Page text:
Ain't that grand!

Slam debate aside, Woods makes golf history

Birdie putt on 18 brings tears, 2-shot Masters win - and 4th straight major

First to hold all simultaneously

April 09, 2001|By Don Markus | Don Markus,SUN STAFF

AUGUSTA, Ga. - When the 65th Masters was over last night for Tiger Woods, when his two-shot victory had been secured by a 20-foot birdie putt moments before, when the four-hour struggle of matching wits and talent and toughness with David Duval and Phil Mickelson finally ended, the world's greatest player cried.

Not as he had four years ago, when he won his first green jacket in a 12-shot runaway and collapsed into the waiting arms of his father and mentor, Earl. This time, Woods simply covered his face with his cap and then wiped away the tears as Mickelson was about to putt.

This time, Woods understood what he accomplished far better and appreciated the significance far more.

"When I made that putt, I walked over to the side and I kept thinking, `I don't have any more shots to play. I'm done. I won the Masters,' " he said, his historic achievement of winning four straight major championships slowly sinking in. "It was just a weird feeling, when you are focused so hard on each and every shot."

Woods was not only talking about the strokes yesterday for a 4-under-par 68, but all the strokes that added up to a four-round total of 16-under 272 - two short of his 1997 tournament record.

Only when Duval missed a 5-footer for birdie on the 18th hole and he had made his final putt could Woods relax.

In beating Duval by two shots and Mickelson by three to win his sixth major championship overall and deny each their first major, the 25-year-old Woods accomplished something that no other player in history had.

Not Jack Nicklaus, whose record of 18 major professional championships Woods is still chasing. Not Ben Hogan, the only other player to have won three majors in the same year. And not Bobby Jones, who founded this tournament four years after winning golf's former Grand Slam of the U.S. Open, U.S. Amateur, British Open and British Amateur.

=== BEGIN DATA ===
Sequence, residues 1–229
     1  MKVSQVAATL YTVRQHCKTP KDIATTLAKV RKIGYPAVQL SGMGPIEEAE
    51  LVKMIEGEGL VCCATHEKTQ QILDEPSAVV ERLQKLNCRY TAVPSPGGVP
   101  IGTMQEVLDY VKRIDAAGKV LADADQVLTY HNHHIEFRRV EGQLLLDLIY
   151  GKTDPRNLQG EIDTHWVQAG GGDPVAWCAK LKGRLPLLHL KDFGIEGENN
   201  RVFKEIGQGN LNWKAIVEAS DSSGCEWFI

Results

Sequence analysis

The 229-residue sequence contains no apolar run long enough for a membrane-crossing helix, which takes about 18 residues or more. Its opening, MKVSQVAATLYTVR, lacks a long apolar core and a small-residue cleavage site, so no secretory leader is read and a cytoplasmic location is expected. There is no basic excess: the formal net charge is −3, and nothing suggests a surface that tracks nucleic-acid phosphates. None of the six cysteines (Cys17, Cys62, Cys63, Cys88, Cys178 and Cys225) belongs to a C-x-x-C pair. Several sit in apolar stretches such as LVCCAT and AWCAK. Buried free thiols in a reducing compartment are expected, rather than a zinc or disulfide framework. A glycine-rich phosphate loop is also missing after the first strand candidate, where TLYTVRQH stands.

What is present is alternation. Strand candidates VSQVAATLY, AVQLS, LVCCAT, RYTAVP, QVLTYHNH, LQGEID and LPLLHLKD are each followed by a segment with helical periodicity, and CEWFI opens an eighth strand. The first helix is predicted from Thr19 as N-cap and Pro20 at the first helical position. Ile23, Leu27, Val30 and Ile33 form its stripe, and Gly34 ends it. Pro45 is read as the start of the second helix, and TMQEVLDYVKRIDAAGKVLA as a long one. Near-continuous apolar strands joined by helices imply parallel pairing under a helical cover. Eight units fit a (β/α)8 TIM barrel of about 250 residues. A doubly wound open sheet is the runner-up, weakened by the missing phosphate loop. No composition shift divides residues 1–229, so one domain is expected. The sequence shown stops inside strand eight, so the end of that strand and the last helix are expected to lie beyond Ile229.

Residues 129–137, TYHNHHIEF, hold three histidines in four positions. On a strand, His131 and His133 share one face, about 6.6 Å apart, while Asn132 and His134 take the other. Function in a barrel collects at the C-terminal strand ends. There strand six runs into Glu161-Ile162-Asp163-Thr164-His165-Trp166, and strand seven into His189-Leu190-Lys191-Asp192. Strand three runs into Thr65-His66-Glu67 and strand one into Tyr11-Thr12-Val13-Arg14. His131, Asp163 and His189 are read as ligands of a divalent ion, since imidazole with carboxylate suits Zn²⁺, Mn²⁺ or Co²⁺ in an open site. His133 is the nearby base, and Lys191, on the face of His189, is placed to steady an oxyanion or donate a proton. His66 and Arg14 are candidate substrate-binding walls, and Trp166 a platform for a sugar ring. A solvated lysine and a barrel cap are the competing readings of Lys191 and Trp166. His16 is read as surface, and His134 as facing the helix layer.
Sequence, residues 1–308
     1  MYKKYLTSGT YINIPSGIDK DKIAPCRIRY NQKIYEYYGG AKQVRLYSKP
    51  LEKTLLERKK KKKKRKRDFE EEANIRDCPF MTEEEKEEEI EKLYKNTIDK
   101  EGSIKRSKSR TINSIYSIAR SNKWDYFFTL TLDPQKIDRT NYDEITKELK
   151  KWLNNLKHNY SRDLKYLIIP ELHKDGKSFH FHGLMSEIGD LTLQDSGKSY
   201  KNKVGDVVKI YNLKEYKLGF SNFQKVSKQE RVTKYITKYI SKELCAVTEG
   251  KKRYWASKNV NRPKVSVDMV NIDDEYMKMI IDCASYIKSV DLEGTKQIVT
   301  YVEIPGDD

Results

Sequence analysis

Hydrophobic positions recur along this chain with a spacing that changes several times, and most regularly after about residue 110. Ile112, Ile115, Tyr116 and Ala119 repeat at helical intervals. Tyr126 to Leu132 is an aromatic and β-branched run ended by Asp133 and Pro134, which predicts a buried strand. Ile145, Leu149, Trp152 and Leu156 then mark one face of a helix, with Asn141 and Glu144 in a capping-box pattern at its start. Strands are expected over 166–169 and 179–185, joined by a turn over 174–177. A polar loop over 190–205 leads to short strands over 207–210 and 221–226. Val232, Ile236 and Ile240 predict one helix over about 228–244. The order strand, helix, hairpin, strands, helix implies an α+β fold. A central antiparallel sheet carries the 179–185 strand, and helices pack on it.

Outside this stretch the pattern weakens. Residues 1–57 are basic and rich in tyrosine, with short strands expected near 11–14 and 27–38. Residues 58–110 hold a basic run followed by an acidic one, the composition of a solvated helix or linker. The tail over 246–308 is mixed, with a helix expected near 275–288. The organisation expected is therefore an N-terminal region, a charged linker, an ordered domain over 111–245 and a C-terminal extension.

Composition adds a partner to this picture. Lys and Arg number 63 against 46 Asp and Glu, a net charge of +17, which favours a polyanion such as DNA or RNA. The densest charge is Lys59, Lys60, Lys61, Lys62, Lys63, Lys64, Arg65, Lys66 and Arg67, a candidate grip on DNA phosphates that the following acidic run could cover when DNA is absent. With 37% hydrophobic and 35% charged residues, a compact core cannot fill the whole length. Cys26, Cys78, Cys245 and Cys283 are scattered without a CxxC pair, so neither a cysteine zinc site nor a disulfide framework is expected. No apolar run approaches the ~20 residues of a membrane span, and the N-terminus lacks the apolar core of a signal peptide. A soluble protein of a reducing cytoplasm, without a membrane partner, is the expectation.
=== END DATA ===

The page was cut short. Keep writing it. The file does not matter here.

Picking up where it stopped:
Woods will let others determine if his amazing four-peat should be called a Grand Slam. Asked if he regards it that way, Woods smiled and said, "I've won four."

Yesterday's victory was worth a little over $1 million and raised the earnings of golf's all-time money-winner to more than $23 million in a career that began less than six years ago. It was the 27th victory for Woods, and his third straight since a seven-month drought.

Considering the competition from Duval and Mickelson, it might have been the most satisfying.

"When I won in '97, I had not been a pro for a full year yet," said Woods. "I guess I was a little young, a little naive and I didn't understand what I had accomplished for at least a year or two after that event. This time, I understand. I've been around the block. I've witnessed things."

But in winning this Masters, Woods witnessed something he had not in any of his previous five major championships. As close as last year's PGA Championship at Valhalla was, Woods was not being challenged by a journeyman - Bob May - on a roll, but by two of the world's top players on a mission.

It was reminiscent of the historic back-nine shootout won here by Nicklaus over Johnny Miller and Tom Weiskopf in 1975. That one came down to the final hole, when both Miller and Weiskopf missed birdie putts that would have forced a playoff.

"This one was tough knowing the fact that you could not make a mistake," said Woods.

Starting the day a stroke in front of Mickelson and two ahead of Mark Calcavecchia and two-round leader Chris DiMarco, Woods bogeyed the par-4 opening hole after his drive sailed under some tree limbs. It was the first of four times that Woods lost sole possession of the lead.

But in each case, Woods took it back by making a birdie or watching one of his rivals make bogey.

"It was awfully fun to go out there and compete," said Woods, who will go for a fifth straight major at the U.S. Open at Southern Hills in Tulsa, Okla., in June. "I know that you have to hit the best shots and make some putts, and just hang in there. To see David up there and play as solid as he did on the front side, and know that's probably going to continue on the back nine. ... Phil right there in my group making birdies. I made some big putts to keep myself in the ballgame."

The first came when Woods' approach flew into a bunker behind the fifth green, and he made a 5-footer for par to remain at 12-under with Mickelson, who had birdied the hole. Then came a 6-footer for birdie on the par-4 seventh after Mickelson birdied from 20 feet and Duval had made his fourth straight birdie on the par-5 eighth to tie Woods at 13-under.

But Mickelson, as is his nature in major championships, began to miss putts. He missed a 7-footer for par on the 11th hole after Woods nearly holed for eagle from the fairway. After two birdies brought him within a shot of both Woods and Duval, Mickelson three-putted from 40 feet on the par-3 16th.

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